January 20, 2003
Sadly, the 20th century was an era of involuntary migration. Ottoman Turkey
ejected two million Armenians during the First World War. Czech authorities
expelled three million ethnic Germans from the Sudetenland after the Second
World War. When the British partitioned India and Pakistan in 1948, a total of
10 million moved between the two countries, with fearful Hindus fleeing for
their lives one way, Muslims the other.
And yet none of these refugee movements gave rise to the festering
conflict caused by a smaller refugee migration — the flight of about 800,000
Palestinian Arabs from Israel. Why?
The difference is that unlike the Armenians, the Sudetenland Germans or South
Asia’s mid-century migrants, the Arabs believe they can turn back history.
When Israel bested five invading Arab armies and established its independence
in 1948, the Arabs’ collective psyche sustained an existential wound from
which it has never really recovered.
To this day, a majority of Arabs cling to the comforting delusion that Israel
might somehow be destroyed through force of arms, terrorism or demographic
pressures — and that history can be set “right,” with Muslims on top, Jews on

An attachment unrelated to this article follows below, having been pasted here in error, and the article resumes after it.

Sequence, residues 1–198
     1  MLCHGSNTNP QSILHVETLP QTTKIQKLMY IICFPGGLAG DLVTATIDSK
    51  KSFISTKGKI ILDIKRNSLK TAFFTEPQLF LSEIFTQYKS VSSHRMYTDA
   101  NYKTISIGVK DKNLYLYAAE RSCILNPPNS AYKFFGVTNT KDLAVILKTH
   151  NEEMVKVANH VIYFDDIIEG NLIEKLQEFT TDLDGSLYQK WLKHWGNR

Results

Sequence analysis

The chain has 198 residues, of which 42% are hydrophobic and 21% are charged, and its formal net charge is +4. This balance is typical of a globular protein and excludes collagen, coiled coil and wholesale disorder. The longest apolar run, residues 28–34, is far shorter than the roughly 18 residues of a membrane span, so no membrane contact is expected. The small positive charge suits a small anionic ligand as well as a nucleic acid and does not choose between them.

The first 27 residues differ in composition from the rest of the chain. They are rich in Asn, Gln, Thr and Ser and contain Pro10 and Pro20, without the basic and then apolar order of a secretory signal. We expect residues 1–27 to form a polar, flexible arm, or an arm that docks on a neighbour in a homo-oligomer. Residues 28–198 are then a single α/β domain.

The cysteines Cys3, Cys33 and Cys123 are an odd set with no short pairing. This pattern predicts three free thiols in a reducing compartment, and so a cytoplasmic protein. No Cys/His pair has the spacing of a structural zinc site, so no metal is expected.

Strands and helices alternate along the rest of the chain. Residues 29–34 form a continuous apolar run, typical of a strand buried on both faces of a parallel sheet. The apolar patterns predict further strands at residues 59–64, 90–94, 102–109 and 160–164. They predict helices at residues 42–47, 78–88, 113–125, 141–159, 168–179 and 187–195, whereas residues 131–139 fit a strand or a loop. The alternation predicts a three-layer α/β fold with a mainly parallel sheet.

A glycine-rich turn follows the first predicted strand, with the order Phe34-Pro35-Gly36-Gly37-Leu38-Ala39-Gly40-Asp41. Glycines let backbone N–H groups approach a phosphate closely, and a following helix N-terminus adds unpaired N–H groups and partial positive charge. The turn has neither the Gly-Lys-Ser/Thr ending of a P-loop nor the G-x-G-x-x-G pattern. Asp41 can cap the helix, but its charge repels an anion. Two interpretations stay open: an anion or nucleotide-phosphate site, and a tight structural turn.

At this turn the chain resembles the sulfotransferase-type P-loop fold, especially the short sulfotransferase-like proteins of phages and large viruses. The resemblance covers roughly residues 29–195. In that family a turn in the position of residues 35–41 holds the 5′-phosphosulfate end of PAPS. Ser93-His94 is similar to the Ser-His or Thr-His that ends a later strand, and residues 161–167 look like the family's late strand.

This is one of the reasons Arab society is so pathological: Nowhere else
in the world will you find an entire civilization living in collective denial.
For ordinary Palestinians, this mindset has produced disaster.
Throughout history, refugees have been settled by their allies and kinfolk in
neighbouring lands. This was true for the Germans who fled what was then
Czechoslovakia, the Hindus who fled to India and the Muslims who fled to
Pakistan. Others driven from their places of birth during the 20th century — the
Vietnamese boat people, the Russian czarists, the Armenians — relocated to
strange lands that encouraged them to build new lives and assimilate.
But for Arab leaders to allow Palestinians to settle in neighbouring countries
would be to admit that the wars of 1948 and 1967 really ended as they did.
Thus, Arab leaders pushed Palestinians into squalid, “temporary” camps. Their
goal was not to protect fellow Muslims but to provide the world with a pathetic,
swarming testament to — as they see it — the barbarity of “the Zionist entity.”
Meanwhile, the number of Palestinian refugees has ballooned to 3.5-million.
Allowing this many Palestinians into Israel would destroy the state’s Jewish
character and invite civil war. And yet Arab ideologues continue to nourish
Palestinian refugees’ pathetic delusion that they will one day all return to the
hamlets their great-grandparents abandoned 55 years ago.
To this day, Palestinian refugee camps are organized according to the
occupants’ ancestral villages — villages they have never seen and never will see.
The West, through the United Nations, has helped fuel this fantasy. The
1951-1967 Convention Relating to the Status of Refugees defines a refugee as
a person forced to flee due to a “well-founded fear of being persecuted” on the
basis of some characteristic — race, nationality, religion, caste membership, etc.